People living in North Korea’s rural areas have been forced to stumble in the dark without electricity after authorities re-routed power to keep the capital Pyongyang connected 24 hours a day, sources in the country told RFA.
North Korea has been unable to generate enough electricity for its needs for decades, and not even the capital – home to the most loyal and trusted citizens -- was immune to rolling blackouts.
Last month, however, Pyongyang began supplying electricity to homes around the clock, according to sources.
But the newfound abundance of power in Pyongyang has come at the expense of the people in the provinces, who must now endure long stretches without electricity.
“Since Chagang province has abundant water resources and is a military industrial district, we’ve never had electricity shortages, even during the Arduous March,” said a resident of the northern province’s Chunggang county, referring to the 1994-1998 famine that killed millions.
“We have a new medium-sized hydroelectric power plant here in Chunggang. When they were building it in 2018, they submitted reports to the party saying it could generate enough electricity for the whole county, but that turned out to be false. That’s why there’s a stoppage from the national electricity supply to the county,” the resident told RFA’s Korean Service Monday, asking for anonymity for security reasons.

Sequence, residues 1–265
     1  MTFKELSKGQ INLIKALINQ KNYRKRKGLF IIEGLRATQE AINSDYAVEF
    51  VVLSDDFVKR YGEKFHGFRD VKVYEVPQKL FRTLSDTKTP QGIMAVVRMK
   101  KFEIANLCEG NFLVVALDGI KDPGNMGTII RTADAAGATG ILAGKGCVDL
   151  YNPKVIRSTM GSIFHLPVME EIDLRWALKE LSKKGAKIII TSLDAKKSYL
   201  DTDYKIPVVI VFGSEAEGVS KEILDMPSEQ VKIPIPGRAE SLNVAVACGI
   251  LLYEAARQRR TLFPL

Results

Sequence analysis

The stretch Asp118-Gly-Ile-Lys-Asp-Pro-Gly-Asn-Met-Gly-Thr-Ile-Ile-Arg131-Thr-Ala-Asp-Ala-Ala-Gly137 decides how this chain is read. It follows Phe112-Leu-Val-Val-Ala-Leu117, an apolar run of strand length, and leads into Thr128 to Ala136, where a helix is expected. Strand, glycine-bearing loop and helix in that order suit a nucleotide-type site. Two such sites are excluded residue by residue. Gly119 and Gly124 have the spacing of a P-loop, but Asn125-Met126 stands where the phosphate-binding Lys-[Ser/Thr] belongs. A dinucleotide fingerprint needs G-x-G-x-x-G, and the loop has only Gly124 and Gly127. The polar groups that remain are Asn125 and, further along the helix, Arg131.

The residents of Chunggang sacrificed much to build the power plant, according to the resident.
“It took 20 years of labor. We carried cement on our backs and blocked off the streams, but the plant only worked for the first few years before it stopped generating power,” the resident said.
“At the time the power plant was completed, they lifted restrictions on electricity use and every household in the town of Chunggang received a gift of an electric rice cooker from the Highest Dignity,” said the resident, using an honorific to refer to North Korean leader Kim Jong Un.